by Yuan Ning (yn47) and Adam Beece (apb36)
Why a working, wearable air guitar? Bottom line, it's just that cool. Who doesn't want a machine that will take their jamming and turn it into rock they can hear? With just a glove, a pick and a little practice you can rock the synthetic acoustic guitar like no one else in the world.
High Level Design
While perhaps not the first people to have the idea of a air guitar to actually play the instrument, we were inspired more by the hardware available than any other incarnation of a working air guitar. It looks something like this:
There are three basic functional components of Air Jam: the glove, the accelerometer and the software, which implements the Karplus-Strong algorythim. Karplus-Strong uses a burst of white noise (generated in this case by the repeated use of the stdlib rand() function) that is repeatedly filtered and played back. The frequency of the delay controls the frequency of the plucked string with a simple formula:
Delay Length L = Fsample/Fout
Nothing fancy about it.
Let us take a moment to consider whose toes Air Jam steps on. The Australian research company CSIRO have created a Wearable Instrument Shirt (WIS) that tracks arm position and uses it to calculated notes actually fretted. These i-Textiles are significantly more sophisticated technology than the simple flex sensors used in Air Jam's glove, not to mention the fact that CSIRO synthesizes an electric guitar, not an acoustic one.
Speaking of flex sensors, how does Air Jam work? Each finger of the glove has sewn directly to it a flex sensor that is in fact a variable resistor. Wires run from the glove to our circuit board, where in sits the rest of the circuit
a voltage divider and an analog comparator implemented by an op-amp with the inverting input tied to a 3.33 V line. The voltage divider between the flex-variable resistance and R would bring the non-inverting line above 3.33 V when a digit is extended, and below that value when it is flexed. During such a flex, the sensors resistance grows from ~71 kΩ to ~310 kΩ, and via experimentation we determined the value of R that gave the best triggering from 0 V to 5 V was 400 kΩ for the pinky, ring, middle and index fingers, and 300 kΩ for the thumb, because it flexed it's sensor less than the other digits. The op-amp is a Linear Technology 1490, chose primarily because it was rail to rail.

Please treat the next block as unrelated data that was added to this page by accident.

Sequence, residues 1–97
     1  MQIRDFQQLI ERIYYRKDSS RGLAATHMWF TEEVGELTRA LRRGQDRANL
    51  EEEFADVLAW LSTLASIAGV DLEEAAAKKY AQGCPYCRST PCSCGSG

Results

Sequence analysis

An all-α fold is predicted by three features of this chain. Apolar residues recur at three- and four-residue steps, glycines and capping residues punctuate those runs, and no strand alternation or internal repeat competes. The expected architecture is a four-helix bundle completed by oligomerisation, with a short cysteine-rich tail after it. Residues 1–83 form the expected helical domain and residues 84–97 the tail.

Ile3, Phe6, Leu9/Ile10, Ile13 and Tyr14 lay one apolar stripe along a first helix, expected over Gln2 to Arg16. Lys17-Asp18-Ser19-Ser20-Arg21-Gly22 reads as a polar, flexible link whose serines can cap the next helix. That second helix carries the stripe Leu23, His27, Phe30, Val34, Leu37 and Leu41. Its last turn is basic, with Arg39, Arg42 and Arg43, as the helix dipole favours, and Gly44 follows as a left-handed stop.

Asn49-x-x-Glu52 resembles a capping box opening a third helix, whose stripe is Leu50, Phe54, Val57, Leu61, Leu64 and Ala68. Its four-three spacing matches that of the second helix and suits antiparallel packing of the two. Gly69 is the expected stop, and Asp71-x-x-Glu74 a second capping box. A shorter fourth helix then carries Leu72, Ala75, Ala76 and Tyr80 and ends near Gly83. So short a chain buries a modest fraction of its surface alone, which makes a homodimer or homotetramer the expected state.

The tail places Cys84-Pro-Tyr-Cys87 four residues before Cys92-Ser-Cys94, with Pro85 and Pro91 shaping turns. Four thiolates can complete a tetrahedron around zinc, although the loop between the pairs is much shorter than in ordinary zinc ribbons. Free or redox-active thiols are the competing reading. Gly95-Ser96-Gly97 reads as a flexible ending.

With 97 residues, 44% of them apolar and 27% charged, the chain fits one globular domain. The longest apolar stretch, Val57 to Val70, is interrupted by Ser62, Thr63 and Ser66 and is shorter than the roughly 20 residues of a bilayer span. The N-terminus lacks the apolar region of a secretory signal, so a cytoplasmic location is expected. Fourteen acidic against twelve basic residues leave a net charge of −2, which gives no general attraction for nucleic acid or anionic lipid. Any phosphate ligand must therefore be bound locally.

The accelerometer is one of the ones generously donated by Freescale, whose output is an analoug value from 0 V to it's 3 V supply (achieved using a voltage regulator). This output was hooked up to the Mega32's A to D converter through a simple protective circuit (diodes to prevent any voltage less than 0 or getter than Vcc from being put on the ADC input pin). We tried to use a Kionex digital accelerometer, only to find the chips unable to function after they were exposed to multiple mis-wirings, possibly damaging the chips. Thank you, Freescale, for saving Air Jam.
The output of our circuit is a 3.5 mm stereo audio socket, an industry standard, an so you can use Air Jam with almost any set of speakers. We wanted to be able to use headphones, but the total output voltage was unfortunately too low so that without some sort of amplifier (meaning a volume adjust nob), the beautifully synthesized sound was inaudible.
How does Air Jam make that beautiful acoustic sound? Karplus-Strong, of course.
In the Karplus-Strong algorithm, the pluck, which in real string can contain energy at any frequency, is simulate by filling the delay-line with noise at each note beginning. In a real string, vibration eliminates those frequencies introduce by the pluck that don't match the normal modes of the string. Friction and losses at end point will create the sound decay, with higher frequencies decaying faster than lower ones. At the end, the wave shape will almost be sinusoidal with a period corresponding to the fundamental mode of the string. The sound will finally decay to silence. In the Karplus-Strong model this can be achieve by the introduction of an averager in the loop
Alex Strong device filters by simply adding the two last outputs and right shifting the result (divide by 2). The so create sample is then re-introduce in the loop. This and the length of the loop will cause self-cancellation of the "non-harmonic" partials. This will also cause higher frequencies to decay more and more at each delay-line trip, until only the fundamental remain. Like in the case of a real string, the delay-line content will finally decay to a constant value, which sounds like silence.
The period of the resulting signal is the period of the delay line plus the average group delay of the filter; the fundamental frequency, as usual, is the reciprocal of the period. The required delay D for a given fundamental frequency F1 is therefore calculated according to D = Fs / F1 where Fs is the sampling frequency.
One of the major problems of this model is that the delay-line length needs to be of an integer size. This limitation has for effect the quantization of the frequencies that can be precisely reproduced. As figure 6 illustrates, the effect is small for low frequencies (long delay-line) but can be major for higher frequencies where the difference between sr / (d + 1/2) and sr / (d + 1 + 1/2) is huge.